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Aquaporin 4 changes in rat brain with severe hydrocephalus.
Eur J Neurosci. 2006 Jun; 23(11):2929-36.EJ

Abstract

Hydrocephalus is characterized by impaired cerebrospinal fluid (CSF) flow with enlargement of the ventricular cavities of the brain and progressive damage to surrounding tissue. Bulk water movement is altered in these brains. We hypothesized that increased expression of aquaporins, which are water-permeable channel proteins, would occur in these brains to facilitate water shifts. We used quantitative (real-time) RT-PCR, Western blotting and immunohistochemistry to evaluate the brain expression of aquaporins (AQP) 1, 4, and 9 mRNA and protein in Sprague-Dawley rats rendered hydrocephalic by injection of kaolin into cistern magna. AQP4 mRNA was significantly up-regulated in parietal cerebrum and hippocampus 4 weeks and 9 months after induction of hydrocephalus (P < 0.05). Although Western blot analysis showed no significant change, there was more intense perivascular AQP4 immunoreactivity in cerebrum of hydrocephalic brains at 3-4 weeks after induction. We did not detect mRNA or protein changes in AQP1 (located in choroid plexus) or AQP9 (located in select neuron populations). Kir4.1, a potassium channel protein linked to water flux, exhibited enhanced immunoreactivity in the cerebral cortex of hydrocephalic rats; the perineuronal distribution was entirely different from that of AQP4. These results suggest that brain AQP4 up-regulation might be a compensatory response to maintain water homeostasis in hydrocephalus.

Authors+Show Affiliations

Department of Pathology, University of Manitoba, 715 McDermot Ave, Winnipeg MB, R3E 3P5 Canada.No affiliation info availableNo affiliation info available

Pub Type(s)

Comparative Study
Journal Article
Research Support, Non-U.S. Gov't

Language

eng

PubMed ID

16819982

Citation

Mao, Xiaoyan, et al. "Aquaporin 4 Changes in Rat Brain With Severe Hydrocephalus." The European Journal of Neuroscience, vol. 23, no. 11, 2006, pp. 2929-36.
Mao X, Enno TL, Del Bigio MR. Aquaporin 4 changes in rat brain with severe hydrocephalus. Eur J Neurosci. 2006;23(11):2929-36.
Mao, X., Enno, T. L., & Del Bigio, M. R. (2006). Aquaporin 4 changes in rat brain with severe hydrocephalus. The European Journal of Neuroscience, 23(11), 2929-36.
Mao X, Enno TL, Del Bigio MR. Aquaporin 4 Changes in Rat Brain With Severe Hydrocephalus. Eur J Neurosci. 2006;23(11):2929-36. PubMed PMID: 16819982.
* Article titles in AMA citation format should be in sentence-case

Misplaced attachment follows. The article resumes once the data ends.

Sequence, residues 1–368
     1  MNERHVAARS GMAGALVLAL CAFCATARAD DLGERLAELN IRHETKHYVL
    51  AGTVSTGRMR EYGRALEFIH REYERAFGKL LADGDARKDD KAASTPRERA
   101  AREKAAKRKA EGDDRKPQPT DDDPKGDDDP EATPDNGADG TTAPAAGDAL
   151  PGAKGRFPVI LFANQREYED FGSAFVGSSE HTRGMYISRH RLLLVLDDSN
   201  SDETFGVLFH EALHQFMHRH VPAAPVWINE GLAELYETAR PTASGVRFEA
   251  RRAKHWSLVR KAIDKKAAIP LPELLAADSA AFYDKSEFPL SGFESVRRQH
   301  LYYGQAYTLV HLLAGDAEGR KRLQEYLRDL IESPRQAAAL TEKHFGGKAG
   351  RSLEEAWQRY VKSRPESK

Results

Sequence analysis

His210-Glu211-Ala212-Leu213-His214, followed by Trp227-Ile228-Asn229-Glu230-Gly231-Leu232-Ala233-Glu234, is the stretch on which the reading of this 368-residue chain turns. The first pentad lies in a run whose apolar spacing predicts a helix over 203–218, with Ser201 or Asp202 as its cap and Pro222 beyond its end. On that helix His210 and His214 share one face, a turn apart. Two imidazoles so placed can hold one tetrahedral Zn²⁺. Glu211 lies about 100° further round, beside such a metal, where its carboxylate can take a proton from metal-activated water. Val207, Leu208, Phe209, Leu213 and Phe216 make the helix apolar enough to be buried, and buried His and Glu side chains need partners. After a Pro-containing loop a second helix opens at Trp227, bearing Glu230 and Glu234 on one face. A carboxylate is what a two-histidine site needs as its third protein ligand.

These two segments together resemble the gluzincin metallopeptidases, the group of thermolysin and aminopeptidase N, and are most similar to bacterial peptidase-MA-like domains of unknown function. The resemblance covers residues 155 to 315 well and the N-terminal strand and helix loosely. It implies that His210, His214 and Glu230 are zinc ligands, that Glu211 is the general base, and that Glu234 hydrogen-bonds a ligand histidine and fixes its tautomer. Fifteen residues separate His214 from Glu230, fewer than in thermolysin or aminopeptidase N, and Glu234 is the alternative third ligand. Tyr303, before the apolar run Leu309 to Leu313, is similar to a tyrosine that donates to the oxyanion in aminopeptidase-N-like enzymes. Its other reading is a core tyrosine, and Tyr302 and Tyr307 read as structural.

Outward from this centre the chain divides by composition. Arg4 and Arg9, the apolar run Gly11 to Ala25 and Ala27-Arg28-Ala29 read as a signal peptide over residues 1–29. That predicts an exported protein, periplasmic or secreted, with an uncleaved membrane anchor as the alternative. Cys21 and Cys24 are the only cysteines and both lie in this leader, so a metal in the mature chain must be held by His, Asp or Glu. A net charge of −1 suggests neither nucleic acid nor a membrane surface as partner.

TY - JOUR T1 - Aquaporin 4 changes in rat brain with severe hydrocephalus. AU - Mao,Xiaoyan, AU - Enno,Terry L, AU - Del Bigio,Marc R, PY - 2006/7/6/pubmed PY - 2006/9/29/medline PY - 2006/7/6/entrez SP - 2929 EP - 36 JF - The European journal of neuroscience JO - Eur J Neurosci VL - 23 IS - 11 N2 - Hydrocephalus is characterized by impaired cerebrospinal fluid (CSF) flow with enlargement of the ventricular cavities of the brain and progressive damage to surrounding tissue. Bulk water movement is altered in these brains. We hypothesized that increased expression of aquaporins, which are water-permeable channel proteins, would occur in these brains to facilitate water shifts. We used quantitative (real-time) RT-PCR, Western blotting and immunohistochemistry to evaluate the brain expression of aquaporins (AQP) 1, 4, and 9 mRNA and protein in Sprague-Dawley rats rendered hydrocephalic by injection of kaolin into cistern magna. AQP4 mRNA was significantly up-regulated in parietal cerebrum and hippocampus 4 weeks and 9 months after induction of hydrocephalus (P < 0.05). Although Western blot analysis showed no significant change, there was more intense perivascular AQP4 immunoreactivity in cerebrum of hydrocephalic brains at 3-4 weeks after induction. We did not detect mRNA or protein changes in AQP1 (located in choroid plexus) or AQP9 (located in select neuron populations). Kir4.1, a potassium channel protein linked to water flux, exhibited enhanced immunoreactivity in the cerebral cortex of hydrocephalic rats; the perineuronal distribution was entirely different from that of AQP4. These results suggest that brain AQP4 up-regulation might be a compensatory response to maintain water homeostasis in hydrocephalus. SN - 0953-816X UR - https://www.unboundmedicine.com/medline/citation/16819982/Aquaporin_4_changes_in_rat_brain_with_severe_hydrocephalus_ DB - PRIME DP - Unbound Medicine ER -